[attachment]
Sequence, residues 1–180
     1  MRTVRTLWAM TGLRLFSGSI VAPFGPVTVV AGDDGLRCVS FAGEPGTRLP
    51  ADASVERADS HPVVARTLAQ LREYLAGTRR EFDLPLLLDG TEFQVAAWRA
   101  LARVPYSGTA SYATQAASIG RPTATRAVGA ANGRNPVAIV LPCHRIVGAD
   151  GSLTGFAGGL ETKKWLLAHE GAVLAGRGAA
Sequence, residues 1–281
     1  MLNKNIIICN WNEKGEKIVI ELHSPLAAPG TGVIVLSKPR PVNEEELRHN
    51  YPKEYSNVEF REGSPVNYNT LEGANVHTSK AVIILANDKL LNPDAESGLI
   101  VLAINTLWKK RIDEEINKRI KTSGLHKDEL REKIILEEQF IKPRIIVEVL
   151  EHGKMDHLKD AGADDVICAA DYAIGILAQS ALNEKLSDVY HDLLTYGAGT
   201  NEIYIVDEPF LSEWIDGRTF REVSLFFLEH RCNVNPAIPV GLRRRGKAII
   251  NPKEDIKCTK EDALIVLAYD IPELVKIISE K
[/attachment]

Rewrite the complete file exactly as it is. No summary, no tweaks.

Sequence, residues 1–180
     1  MRTVRTLWAM TGLRLFSGSI VAPFGPVTVV AGDDGLRCVS FAGEPGTRLP
    51  ADASVERADS HPVVARTLAQ LREYLAGTRR EFDLPLLLDG TEFQVAAWRA
   101  LARVPYSGTA SYATQAASIG RPTATRAVGA ANGRNPVAIV LPCHRIVGAD
   151  GSLTGFAGGL ETKKWLLAHE GAVLAGRGAA
Sequence, residues 1–281
     1  MLNKNIIICN WNEKGEKIVI ELHSPLAAPG TGVIVLSKPR PVNEEELRHN
    51  YPKEYSNVEF REGSPVNYNT LEGANVHTSK AVIILANDKL LNPDAESGLI
   101  VLAINTLWKK RIDEEINKRI KTSGLHKDEL REKIILEEQF IKPRIIVEVL
   151  EHGKMDHLKD AGADDVICAA DYAIGILAQS ALNEKLSDVY HDLLTYGAGT
   201  NEIYIVDEPF LSEWIDGRTF REVSLFFLEH RCNVNPAIPV GLRRRGKAII
   251  NPKEDIKCTK EDALIVLAYD IPELVKIISE K